Dr Alan Lowe, Institute for Structural and Molecular Biology, University College London
Mon 02 Oct 2017, 12:05 - 13:00
Swann 7.15

If you have a question about this talk, please contact: Louise Bishop (lbishop)

Cell competition is a quality control mechanism through which tissues eliminate unfit cells. Cell competition can result from short-range biochemical inductions or long-range mechanical cues. However, little is known about how cell-scale interactions give rise to tissue-scale population shifts, due to the lack of experimental and computational tools to efficiently characterise interactions at the single-cell level.  Here, we address these challenges by developing long-term automated microscopy with deep learning image analysis to decipher how single-cell behaviour determines tissue make-up during competition.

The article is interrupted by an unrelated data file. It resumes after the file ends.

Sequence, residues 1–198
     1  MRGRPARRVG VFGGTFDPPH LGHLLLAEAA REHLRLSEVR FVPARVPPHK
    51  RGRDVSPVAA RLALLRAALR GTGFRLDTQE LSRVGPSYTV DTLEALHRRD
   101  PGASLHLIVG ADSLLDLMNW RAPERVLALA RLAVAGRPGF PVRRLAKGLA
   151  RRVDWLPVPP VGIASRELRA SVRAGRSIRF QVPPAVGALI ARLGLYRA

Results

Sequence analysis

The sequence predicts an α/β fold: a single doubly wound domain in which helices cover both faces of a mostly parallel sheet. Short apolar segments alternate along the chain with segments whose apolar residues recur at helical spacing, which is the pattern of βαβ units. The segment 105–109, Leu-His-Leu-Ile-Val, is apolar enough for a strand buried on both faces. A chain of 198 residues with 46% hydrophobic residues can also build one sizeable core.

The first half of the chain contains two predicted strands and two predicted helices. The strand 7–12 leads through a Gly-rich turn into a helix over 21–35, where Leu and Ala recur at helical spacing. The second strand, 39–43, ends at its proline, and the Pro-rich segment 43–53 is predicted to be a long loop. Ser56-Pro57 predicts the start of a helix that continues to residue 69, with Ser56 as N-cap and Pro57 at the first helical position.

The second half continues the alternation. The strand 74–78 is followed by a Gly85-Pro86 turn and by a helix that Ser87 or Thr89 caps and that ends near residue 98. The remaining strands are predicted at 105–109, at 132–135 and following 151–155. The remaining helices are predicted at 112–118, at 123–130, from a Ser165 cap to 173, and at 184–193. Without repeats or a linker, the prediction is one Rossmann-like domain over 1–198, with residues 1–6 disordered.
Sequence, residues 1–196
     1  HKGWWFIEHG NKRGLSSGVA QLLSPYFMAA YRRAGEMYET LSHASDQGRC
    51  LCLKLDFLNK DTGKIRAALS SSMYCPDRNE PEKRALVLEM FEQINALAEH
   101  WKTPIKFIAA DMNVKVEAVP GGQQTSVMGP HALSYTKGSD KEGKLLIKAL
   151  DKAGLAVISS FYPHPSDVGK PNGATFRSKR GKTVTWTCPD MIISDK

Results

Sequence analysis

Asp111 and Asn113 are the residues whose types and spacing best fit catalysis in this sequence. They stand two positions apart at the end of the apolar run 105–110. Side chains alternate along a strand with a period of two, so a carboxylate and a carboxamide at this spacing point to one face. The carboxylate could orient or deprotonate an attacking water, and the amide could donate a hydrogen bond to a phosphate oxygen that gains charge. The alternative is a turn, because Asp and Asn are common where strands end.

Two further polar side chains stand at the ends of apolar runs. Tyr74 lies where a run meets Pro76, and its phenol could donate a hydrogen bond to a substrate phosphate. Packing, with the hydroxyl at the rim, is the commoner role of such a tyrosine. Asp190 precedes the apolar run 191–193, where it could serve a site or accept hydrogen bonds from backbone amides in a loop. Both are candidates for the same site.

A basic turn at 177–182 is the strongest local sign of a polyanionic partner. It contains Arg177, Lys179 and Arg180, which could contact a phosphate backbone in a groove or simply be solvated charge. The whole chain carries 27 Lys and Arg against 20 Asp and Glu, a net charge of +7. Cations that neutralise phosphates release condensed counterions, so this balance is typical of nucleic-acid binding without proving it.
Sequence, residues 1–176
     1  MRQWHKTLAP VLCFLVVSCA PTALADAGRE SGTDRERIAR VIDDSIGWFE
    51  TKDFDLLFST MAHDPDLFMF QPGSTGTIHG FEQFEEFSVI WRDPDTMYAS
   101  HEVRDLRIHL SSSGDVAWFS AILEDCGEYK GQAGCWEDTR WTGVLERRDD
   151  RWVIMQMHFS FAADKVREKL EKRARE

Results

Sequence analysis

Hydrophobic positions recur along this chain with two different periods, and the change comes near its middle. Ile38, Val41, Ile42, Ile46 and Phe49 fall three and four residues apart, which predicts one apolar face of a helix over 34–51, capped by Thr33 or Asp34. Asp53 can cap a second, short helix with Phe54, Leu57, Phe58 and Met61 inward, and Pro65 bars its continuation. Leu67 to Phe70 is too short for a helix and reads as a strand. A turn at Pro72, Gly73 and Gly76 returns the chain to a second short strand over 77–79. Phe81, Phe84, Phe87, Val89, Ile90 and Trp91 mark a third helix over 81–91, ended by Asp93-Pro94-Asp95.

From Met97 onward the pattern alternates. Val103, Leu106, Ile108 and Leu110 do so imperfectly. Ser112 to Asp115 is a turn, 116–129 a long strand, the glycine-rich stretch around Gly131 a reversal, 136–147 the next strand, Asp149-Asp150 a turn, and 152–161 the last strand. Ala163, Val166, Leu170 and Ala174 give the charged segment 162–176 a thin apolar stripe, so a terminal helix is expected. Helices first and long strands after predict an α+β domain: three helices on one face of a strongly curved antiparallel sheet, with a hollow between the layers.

Using our high-throughput analysis pipeline, we show that competitive interactions between MDCK wild-type cells and cells depleted of the polarity protein scribble are governed by differential sensitivity to local density and the composition of each cell’s neighbourhood.  Our data suggest that tissue-scale population shifts are strongly affected by cellular-scale tissue organisation. We present a quantitative mathematical model that demonstrates the effect of neighbour cell-type dependence of apoptosis and division in determining the fitness of competing cell lines.